Choices In Life
The following outline found its origin in the Public Questions Broadsheet No. 26, from the article by Peter Harris, "Demystifying the Economy".
His thesis is that there are just three basic choices which we need to study in economic life, and indeed in all our life. Hence this sermon outline is offered.
1. Guns Or Butter?
Which is the more important, weapons or food? The question is to do with what we do with the non-renewable resources of our world.
The militarist will argue for guns, and the Christian? Jesus, in his parable of judgement (Matthew 25:35) argues that those who feed the hungry belong to the kingdom.
Each of us must make this choice every day as we use up the world's non-renewable resources. Too often we are looking at the waste of others, and think to ourselves, "What does my little saving matter?"
Paul reminds us, "do not be confirmed to this world". (Romans 12:2)
2. Worker Or Machine?
Peter Harris writes: "There are choices about HOW resources are organised in the course of production."
Here our choices may not seem clear or easily made. Example: An accountant computerises the office with the result that 2 typists, 2 secretaries, and 2 clerks are no longer needed, while 2 computer operators take their place. The office space needs are halved.
Is this good economics? The decision is a worker/machine choice.
For you and me who are not employers, will we choose machine made perfection, or the uniqueness of the hand crafted?
Nationally, we are at the root of the unemployment question.
What does scripture say? "You are your brother's/sister's keeper." (Genesis 4:9) "Of those who have much, much is required." (Luke 12:48)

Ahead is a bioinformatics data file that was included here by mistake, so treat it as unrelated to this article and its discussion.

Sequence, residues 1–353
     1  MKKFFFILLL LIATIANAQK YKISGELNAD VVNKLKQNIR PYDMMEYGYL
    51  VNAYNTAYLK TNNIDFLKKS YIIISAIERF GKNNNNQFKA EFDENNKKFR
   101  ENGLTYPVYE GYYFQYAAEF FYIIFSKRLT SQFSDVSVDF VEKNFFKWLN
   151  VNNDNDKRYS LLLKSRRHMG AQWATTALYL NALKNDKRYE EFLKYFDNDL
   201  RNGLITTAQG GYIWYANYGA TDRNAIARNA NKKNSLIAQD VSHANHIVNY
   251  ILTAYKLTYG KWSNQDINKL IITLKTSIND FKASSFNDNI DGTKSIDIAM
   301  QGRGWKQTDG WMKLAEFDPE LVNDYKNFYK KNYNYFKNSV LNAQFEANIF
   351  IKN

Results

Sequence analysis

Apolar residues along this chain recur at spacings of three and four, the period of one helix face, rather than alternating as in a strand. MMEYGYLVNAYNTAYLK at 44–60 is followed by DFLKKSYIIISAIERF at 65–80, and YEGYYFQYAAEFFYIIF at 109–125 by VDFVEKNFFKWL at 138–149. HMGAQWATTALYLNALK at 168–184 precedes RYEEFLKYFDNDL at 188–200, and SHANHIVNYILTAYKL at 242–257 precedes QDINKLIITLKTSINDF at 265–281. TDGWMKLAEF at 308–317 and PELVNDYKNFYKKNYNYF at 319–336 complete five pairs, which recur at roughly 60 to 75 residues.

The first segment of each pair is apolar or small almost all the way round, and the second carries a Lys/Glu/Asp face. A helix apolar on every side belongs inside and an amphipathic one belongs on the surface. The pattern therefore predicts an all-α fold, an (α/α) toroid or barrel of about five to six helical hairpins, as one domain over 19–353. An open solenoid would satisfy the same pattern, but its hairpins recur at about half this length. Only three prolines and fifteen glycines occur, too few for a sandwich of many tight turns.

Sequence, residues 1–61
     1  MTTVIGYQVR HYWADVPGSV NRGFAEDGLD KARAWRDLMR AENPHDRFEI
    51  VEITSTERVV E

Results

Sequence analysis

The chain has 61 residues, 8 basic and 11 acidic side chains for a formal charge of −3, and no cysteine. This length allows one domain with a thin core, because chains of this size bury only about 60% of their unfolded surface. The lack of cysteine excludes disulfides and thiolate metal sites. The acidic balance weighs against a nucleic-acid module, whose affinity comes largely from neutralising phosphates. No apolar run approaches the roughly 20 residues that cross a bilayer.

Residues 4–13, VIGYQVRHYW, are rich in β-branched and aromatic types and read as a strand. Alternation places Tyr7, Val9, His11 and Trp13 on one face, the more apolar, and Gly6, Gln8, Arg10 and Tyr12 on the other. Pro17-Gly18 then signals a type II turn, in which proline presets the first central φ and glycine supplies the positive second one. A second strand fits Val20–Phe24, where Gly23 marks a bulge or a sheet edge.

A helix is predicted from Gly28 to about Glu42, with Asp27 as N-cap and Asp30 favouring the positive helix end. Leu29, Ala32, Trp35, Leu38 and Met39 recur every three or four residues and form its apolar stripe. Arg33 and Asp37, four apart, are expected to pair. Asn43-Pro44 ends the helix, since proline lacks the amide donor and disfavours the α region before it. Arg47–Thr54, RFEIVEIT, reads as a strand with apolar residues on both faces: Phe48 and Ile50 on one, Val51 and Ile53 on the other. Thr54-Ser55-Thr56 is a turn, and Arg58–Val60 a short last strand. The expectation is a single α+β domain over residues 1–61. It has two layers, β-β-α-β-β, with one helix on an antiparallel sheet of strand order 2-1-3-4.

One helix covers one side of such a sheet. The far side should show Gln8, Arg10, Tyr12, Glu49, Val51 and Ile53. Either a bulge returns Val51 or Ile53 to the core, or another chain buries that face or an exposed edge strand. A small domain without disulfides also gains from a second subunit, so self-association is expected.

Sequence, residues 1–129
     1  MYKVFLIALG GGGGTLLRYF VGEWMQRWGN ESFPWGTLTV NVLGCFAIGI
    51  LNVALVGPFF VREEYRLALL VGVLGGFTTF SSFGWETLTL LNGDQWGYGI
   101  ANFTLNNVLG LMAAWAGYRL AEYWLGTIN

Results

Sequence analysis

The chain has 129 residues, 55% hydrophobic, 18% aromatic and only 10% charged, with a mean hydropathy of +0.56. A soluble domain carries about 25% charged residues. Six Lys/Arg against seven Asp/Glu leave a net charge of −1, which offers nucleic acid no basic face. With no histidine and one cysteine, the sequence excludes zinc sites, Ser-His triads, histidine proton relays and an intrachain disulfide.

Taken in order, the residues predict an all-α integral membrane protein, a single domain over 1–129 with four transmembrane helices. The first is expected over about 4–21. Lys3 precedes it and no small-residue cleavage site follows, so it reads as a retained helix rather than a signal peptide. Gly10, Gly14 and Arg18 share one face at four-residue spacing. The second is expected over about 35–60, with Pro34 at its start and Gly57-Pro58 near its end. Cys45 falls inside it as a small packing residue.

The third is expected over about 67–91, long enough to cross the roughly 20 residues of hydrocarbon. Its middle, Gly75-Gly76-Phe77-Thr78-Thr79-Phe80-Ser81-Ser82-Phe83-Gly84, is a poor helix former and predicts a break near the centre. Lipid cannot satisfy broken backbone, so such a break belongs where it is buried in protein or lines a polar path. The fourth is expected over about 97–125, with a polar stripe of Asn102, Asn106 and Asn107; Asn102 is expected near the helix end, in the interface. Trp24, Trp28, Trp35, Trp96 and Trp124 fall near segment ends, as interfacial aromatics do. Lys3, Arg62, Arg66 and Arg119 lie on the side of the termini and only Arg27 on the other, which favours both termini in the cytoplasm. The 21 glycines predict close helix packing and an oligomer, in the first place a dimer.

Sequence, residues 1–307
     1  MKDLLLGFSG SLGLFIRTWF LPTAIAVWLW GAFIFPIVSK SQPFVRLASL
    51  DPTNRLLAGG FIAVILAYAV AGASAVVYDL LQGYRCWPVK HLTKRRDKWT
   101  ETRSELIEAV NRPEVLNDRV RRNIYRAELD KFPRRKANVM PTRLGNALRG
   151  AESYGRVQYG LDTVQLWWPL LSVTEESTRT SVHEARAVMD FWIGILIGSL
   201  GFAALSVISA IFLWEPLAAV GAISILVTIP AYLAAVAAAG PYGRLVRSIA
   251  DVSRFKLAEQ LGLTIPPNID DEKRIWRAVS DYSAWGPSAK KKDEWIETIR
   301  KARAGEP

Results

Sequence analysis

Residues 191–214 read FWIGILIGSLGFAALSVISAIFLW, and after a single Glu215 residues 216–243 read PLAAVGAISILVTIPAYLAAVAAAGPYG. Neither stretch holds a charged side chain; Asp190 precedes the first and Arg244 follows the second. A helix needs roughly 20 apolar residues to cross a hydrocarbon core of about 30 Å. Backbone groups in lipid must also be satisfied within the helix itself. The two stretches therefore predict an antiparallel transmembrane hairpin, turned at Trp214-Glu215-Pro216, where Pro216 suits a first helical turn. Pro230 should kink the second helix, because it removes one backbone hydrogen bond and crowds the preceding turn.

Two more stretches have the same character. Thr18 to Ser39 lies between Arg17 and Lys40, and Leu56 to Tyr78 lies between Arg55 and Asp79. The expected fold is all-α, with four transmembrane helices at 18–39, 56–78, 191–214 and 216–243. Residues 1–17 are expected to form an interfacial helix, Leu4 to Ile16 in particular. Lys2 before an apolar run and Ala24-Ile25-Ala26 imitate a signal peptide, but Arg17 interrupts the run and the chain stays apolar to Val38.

3. Wages Or Profits?
There are choices which are dictated by our interest in either wages or profit.
The employer, large or small, needs to make this choice. Jesus reminds us, "The worker is worthy of his/her hire." (Luke 10:7) and illustrates how his people should apply this in the parable of the labourers in the vineyard. (Matthew 12:1-16)
In the more personal application, where is your investment money? Where women and men are kept in work, or in the money market where profit is the driving force?
We need to remember these three sets of choices in every decision we make each day. These choices are not new. They were not invented by politicians!
Remember: The slaughter of the baby seals in Canada. The grace of the employer in the parable of the vineyard. The movement for recycling non-renewable resources. The basis of all our social services and indeed our social security system.
But above all, remember Jesus saying to each of us: "When one is given a great deal, a great deal will be demanded."
Written by Bill Vinten